The ruling led to a sharp exchange between Alito and Justice Elena Kagan. In a strong dissent, she said the court had wrongly approved a small town's policy of "religious favoritism," whereby every month for eight years, a Christian minister offered a prayer to open the council meeting, despite objections from Jewish residents.
Replying to her, Alito said public prayers are as old as the nation. They need not be "perfunctory and hidden away," he said, calling her dissent "really quite niggling." That comment, Kagan replied, "says all there is to say about the difference between our respective views."
In his second year, he wrote a 5-4 decision holding that federal law requires an employee who says she is a victim of sex bias to sue within 180 days after an "allegedly discriminatory pay decision was made and communicated to her." The Alabama case became known for its celebrated plaintiff, Lilly Ledbetter, and her lower compensation in the workplace. Justice Ruth Bader Ginsburg slammed Alito and the conservatives for being blind to the "realities of the workplace," since Ledbetter did not know during her working years that she was paid far less than her male counterparts.
When Obama moved into the White House, the first bill he signed was the Lilly Ledbetter Fair Pay Act, overturning the court's decision and giving employees more time to sue.
Away from the court, friends say Alito, 64, is modest and unpretentious. His wife, Martha-Ann, a former law librarian he married 29 years ago, is as outgoing and sociable as her husband is quiet.
"He remains the same quiet, reserved person he was 30 years ago," said John Garvey, president of the Catholic University, a close friend from the time they worked together in Reagan's Justice Department.
His passion outside of work is baseball. The lifelong Philadelphia Phillies fan's chambers at the court has a wall devoted to memorabilia.
For Christmas one year when he was in his early 40s, his wife bought him a week in Florida at the Phillies "fantasy camp," where he trained and played games with retired pro players. He remembers the sore muscles and pulled hamstrings and how the old pitchers could still throw a scorching fast ball. He has kept an "Alito" baseball card as a treasured possession.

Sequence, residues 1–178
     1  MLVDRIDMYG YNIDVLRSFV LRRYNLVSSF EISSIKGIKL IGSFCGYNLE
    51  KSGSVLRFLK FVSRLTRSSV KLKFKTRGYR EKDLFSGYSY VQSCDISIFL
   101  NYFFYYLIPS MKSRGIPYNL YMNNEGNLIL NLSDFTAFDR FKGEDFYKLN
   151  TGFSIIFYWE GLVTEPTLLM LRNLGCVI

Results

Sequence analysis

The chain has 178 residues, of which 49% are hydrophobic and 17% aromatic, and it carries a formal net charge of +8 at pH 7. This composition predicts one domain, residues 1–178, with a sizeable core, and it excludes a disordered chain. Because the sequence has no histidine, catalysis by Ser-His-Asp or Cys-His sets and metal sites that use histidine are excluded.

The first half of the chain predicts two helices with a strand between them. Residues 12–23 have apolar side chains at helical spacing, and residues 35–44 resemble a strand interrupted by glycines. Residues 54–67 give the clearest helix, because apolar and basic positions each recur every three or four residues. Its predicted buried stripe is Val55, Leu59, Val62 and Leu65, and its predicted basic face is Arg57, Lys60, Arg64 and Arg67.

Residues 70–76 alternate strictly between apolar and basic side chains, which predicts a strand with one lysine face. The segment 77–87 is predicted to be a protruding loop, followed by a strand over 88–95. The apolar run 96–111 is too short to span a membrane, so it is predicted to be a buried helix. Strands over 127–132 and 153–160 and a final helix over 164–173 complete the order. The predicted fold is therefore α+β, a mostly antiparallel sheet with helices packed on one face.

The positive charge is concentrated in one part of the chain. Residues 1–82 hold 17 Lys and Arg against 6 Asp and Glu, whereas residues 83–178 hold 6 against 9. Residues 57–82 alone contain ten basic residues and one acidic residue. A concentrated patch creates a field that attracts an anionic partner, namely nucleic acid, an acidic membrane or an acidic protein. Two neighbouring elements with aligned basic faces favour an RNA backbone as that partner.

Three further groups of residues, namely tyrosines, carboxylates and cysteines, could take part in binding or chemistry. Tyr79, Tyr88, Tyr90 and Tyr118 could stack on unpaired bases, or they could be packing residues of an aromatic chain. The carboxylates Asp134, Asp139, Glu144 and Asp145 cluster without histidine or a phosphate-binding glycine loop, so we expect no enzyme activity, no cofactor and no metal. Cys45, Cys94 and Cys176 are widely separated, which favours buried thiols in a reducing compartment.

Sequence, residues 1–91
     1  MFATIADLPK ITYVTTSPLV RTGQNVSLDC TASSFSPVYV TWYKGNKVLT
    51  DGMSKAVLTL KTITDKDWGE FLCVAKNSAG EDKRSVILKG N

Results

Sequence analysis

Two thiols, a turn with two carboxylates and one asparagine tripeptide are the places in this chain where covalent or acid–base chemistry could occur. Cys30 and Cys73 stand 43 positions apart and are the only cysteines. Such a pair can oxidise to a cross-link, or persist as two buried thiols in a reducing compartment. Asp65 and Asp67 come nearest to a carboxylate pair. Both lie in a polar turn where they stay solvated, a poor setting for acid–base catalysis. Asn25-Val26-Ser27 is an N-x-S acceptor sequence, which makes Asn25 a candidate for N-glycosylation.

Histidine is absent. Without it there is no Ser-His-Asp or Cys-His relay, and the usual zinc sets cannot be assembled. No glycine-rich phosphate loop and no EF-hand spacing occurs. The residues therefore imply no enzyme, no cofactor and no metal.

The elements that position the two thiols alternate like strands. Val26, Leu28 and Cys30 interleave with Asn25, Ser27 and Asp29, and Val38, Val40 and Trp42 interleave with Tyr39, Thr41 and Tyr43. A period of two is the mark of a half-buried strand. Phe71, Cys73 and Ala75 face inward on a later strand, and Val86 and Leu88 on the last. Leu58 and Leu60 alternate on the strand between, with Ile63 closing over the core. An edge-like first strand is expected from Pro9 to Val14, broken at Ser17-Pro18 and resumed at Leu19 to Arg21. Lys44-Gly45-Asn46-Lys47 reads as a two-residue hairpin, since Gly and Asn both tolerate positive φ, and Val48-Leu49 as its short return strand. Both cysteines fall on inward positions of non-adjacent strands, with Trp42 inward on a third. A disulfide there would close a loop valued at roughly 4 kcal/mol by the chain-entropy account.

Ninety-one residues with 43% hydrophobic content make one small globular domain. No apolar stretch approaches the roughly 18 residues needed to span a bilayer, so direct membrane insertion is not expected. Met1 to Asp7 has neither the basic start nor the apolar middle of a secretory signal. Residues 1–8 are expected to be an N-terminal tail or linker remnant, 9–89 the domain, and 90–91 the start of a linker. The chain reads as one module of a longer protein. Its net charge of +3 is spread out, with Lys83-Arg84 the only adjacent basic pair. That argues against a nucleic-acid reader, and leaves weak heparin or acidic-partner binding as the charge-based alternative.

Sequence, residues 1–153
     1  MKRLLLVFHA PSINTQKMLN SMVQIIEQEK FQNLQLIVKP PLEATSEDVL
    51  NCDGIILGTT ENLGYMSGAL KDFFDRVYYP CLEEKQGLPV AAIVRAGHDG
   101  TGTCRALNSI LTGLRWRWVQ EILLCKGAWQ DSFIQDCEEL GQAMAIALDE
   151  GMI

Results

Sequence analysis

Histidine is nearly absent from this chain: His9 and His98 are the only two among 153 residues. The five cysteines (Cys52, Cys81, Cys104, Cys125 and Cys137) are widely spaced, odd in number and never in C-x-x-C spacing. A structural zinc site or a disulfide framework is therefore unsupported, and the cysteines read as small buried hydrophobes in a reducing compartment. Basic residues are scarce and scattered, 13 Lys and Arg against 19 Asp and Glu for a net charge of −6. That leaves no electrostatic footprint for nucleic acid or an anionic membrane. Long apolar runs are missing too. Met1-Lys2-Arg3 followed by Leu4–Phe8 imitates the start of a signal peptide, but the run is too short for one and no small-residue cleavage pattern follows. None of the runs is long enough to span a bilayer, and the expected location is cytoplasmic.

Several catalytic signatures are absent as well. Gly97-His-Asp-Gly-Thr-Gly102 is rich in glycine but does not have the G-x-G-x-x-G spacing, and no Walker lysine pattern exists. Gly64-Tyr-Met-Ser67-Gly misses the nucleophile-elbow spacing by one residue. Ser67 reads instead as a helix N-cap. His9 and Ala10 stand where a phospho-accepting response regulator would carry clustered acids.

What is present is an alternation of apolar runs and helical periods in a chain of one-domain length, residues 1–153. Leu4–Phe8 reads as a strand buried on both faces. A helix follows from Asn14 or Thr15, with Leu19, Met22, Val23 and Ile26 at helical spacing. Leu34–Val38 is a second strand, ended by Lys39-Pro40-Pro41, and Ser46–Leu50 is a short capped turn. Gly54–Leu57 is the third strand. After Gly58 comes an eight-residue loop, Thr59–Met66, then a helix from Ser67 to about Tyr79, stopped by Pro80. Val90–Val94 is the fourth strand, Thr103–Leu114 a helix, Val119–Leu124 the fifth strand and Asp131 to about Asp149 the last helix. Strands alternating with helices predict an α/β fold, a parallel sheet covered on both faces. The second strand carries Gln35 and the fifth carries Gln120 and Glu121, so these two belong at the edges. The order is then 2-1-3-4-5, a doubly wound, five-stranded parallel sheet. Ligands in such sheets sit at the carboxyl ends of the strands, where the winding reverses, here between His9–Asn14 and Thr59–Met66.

Alito's conservatism was forged in his youth. He was raised by Italian Catholic parents in a middle-class suburb of Trenton, N.J. His mother was an elementary school principal, and his father a independent analyst for the state Legislature. Alito recalled his father sitting at the dining table with an adding machine, readjusting the size of the legislative districts after the Supreme Court adopted the "one-person, one-vote" rule in the 1960s.
Alito graduated from a public high school in 1968, the same year race riots destroyed much of downtown Trenton after the assassination of Martin Luther King Jr. He studied at Princeton during the Vietnam War, when antiwar protests consumed many campuses. But Alito was put off by the student activism. "I saw some very smart people and very privileged people behaving irresponsibly," he said years later.
Alito signed up for the Army ROTC in 1970, only to see it shut down on campus in response to antiwar sentiment. When he joined a group of Princeton students on a trip to Washington, his goal was to meet Justice John Marshall Harlan, a conservative who was known as the "great dissenter" on the Warren court.
By the time Alito left college, he was a quiet conservative with a large ambition. He told the Princeton yearbook he planned to go to law school and "eventually to warm a seat on the Supreme Court." He went to the Yale Law School, but like fellow alumnus Justice Clarence Thomas, felt somewhat estranged on the left-leaning campus.
Alito graduated in 1975 and began a lifelong career as a federal employee. Though he is sometimes criticized for being pro-business, he has worked his entire career for the federal government: as a law clerk, prosecutor, Justice Department lawyer, U.S. attorney, appellate judge and now Supreme Court justice.
Even so, Washington's harsh glare was a bit bewildering for a judge who had spent 16 years working in obscurity in a courthouse in Newark, those close to him say.
"The confirmation was hard on him," said a former clerk who asked not to be named. "He felt the attacks were very mean-spirited, and he felt like his family was attacked." The Democrats who sharply questioned him included then-Sen. Joe Biden of Delaware.
Alito has denied that the Senate hearings affected his work. But there are signs they are not forgotten. In January of 2009, a newly inaugurated President Obama and Vice President Biden stopped by the Supreme Court for a brief social call. All of the justices were there to receive them — except Justice Alito.